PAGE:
Federal Appeals Court Upholds Texas Law Requiring Pen-on-Paper Voter Signature on Registrations

Federal Appeals Court Upholds Texas Law Requiring Pen-on-Paper Voter Signature on Registrations


A Texas law that requires the submission of a physical signature on voter registration applications has been upheld by an appeals court.

A federal appeals court has upheld a Texas law that requires an original pen-on-paper signature on a voter registration application, delivering a win for advocates of election integrity measures.

“This is just one of the many election integrity laws we passed to make it harder for cheaters to cheat,” Texas Gov. Greg Abbott said in a statement on social media, praising the 2-1 ruling by the 5th Circuit Court of Appeals with respect to what’s been dubbed the “wet ink signature” law for voter registration.

The “wet ink signature” law requires Texans who submit their voter registration applications by fax or electronic means to additionally submit a physical copy of their application containing an original pen-on-paper signature.

“Texas’ interests in reliability and fraud deterrence are ‘legitimate,’” the majority opinion states, noting that the signature requirement ensures the kind of security and reliability that a third-party app or other electronic means cannot provide.

The ruling stems from a lawsuit challenging the wet signature rule that was brought by Vote.org, a voter advocacy group and voting technology platform that provides an e-sign tool. The group argued that the wet signature law unduly burdens the right to vote and violates the First and 14th Amendments, as well as the so-called “materiality provision” of the Civil Rights Act of 1964, which states that the right to vote cannot be denied for errors or omissions that are considered trivial or “not material.”

The appeals court rejected the plaintiffs’ arguments, stating in the opinion that “Texas’s justification that an original signature advances voter integrity is legitimate, is far more than tenuous, and, under the totality of the circumstances, makes such a signature a material requirement.”

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In a dissenting opinion, Judge Stephen Higginson, an appointee of President Barack Obama, objected to the reasoning, arguing that Texas has no problem accepting signatures in electronic format when completed at Texas Department of Public Safety offices or other areas outside of voter registration procedures.

“Texas officials explicitly drafted § 13.143(d-2) to prevent the use of Voter.org’s e-sign tool. Consequently, the wet-signature requirement violates the Materiality Provision, and the district court correctly enjoined its enforcement,” Judge Higginson wrote in dissent.

Texas Public Policy Foundation senior attorney Autumn Patterson, who assisted the Texas Attorney General’s Office in defending the law against the lawsuit, praised the ruling as the “right result.”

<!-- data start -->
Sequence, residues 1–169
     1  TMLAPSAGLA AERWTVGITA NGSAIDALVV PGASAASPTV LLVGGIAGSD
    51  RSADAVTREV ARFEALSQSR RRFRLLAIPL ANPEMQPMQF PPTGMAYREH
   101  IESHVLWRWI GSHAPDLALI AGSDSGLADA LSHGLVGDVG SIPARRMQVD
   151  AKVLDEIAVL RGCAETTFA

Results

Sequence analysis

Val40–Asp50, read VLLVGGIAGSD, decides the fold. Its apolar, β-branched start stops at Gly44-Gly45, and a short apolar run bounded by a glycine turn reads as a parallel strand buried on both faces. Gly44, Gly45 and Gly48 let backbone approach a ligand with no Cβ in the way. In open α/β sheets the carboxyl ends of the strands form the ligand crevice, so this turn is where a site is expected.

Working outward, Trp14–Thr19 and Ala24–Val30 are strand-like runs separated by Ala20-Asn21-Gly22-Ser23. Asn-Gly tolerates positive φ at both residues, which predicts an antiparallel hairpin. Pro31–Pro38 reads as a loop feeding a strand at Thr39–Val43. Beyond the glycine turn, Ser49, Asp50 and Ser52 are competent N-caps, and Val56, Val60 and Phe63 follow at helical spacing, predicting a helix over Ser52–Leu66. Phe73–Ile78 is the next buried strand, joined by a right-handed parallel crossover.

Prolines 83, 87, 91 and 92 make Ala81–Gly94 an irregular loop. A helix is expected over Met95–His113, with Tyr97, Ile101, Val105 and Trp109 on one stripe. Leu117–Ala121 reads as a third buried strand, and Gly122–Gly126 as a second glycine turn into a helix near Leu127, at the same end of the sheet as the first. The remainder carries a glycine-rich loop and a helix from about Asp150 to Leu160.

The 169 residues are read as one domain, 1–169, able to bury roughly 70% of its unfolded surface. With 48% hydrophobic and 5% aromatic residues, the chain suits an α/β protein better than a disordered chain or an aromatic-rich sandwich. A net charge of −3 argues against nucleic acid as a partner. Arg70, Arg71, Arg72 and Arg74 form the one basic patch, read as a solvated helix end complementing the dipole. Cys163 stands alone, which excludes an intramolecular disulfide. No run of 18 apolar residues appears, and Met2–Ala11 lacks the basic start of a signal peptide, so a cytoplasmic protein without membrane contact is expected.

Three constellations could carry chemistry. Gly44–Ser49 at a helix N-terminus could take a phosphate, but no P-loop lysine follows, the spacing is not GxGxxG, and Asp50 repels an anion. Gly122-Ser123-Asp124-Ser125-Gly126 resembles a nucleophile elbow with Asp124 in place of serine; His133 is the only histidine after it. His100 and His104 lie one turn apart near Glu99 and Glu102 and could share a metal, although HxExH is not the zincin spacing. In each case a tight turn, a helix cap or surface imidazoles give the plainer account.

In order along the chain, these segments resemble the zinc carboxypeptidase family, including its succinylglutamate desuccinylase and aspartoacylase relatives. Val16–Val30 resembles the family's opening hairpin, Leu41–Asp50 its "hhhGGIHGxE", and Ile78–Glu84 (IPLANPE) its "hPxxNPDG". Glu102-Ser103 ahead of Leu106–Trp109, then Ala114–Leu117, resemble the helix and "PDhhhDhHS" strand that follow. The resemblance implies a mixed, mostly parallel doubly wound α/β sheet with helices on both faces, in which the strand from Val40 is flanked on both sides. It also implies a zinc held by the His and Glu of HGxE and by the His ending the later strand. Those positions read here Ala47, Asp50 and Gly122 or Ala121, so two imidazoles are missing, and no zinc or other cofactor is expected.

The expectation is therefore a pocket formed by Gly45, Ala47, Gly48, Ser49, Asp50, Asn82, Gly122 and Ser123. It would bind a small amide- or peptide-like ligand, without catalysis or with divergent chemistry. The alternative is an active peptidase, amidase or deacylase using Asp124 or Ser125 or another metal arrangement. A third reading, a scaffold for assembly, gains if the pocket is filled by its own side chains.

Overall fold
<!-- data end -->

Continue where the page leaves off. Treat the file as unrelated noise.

“The Fifth Circuit correctly recognized that states have a substantial interest in election integrity and that an original signature requirement is a legitimate way to advance that interest,” Ms. Patterson said in a statement.

More Details

While the appellate court’s ruling overturned a June 2022 decision by a lower court that blocked the signature requirement, it affirmed that private parties can bring lawsuits under the materiality provision of the Civil Rights Act.

In a recent case, a federal judge ruled that mail-in or absentee ballots that arrive in envelopes lacking accurate, handwritten dates must be counted in Pennsylvania, with the judge basing the ruling on a determination that not counting such ballots violates the materiality provision.

The appellate court’s ruling overturns a June 2022 decision by a lower court that blocked the wet signature law on grounds that it violated the materiality provision, as well as the First and 14th Amendments.

After the lower court ruled against the law, Republican officials intervened, including Texas Attorney General Ken Paxton.

Mr. Paxton and others argued that the web app developed by Voter.org to assist voters with submitting their registration form was “incompatible” with the Texas election code because it did not provide a way to comply with the wet signature requirement.

“Framed in the proper light, the wet signature rule is part of a broad expansion of the opportunity to register to vote,” Mr. Paxton and other intervenors wrote. “It is not a burden at all.”

But even the rule does impose minor burdens, “those burdens are vastly outweighed by the rule’s function as a bulwark against election fraud.”

But the district court rejected the intervenors’ arguments and denied their request to uphold the wet signature law, prompting an appeal to the 5th Circuit, which granted the appellants’ emergency motion to pause the district court’s injunction while the appeal played out.

Following oral arguments in March, the 5th Circuit overturned the district court’s decision, leaving the wet signature law on the books.

Meanwhile, a similar lawsuit brought by Vote.org against Florida’s wet signature rule remains pending before the 11th Circuit Court of Appeals.

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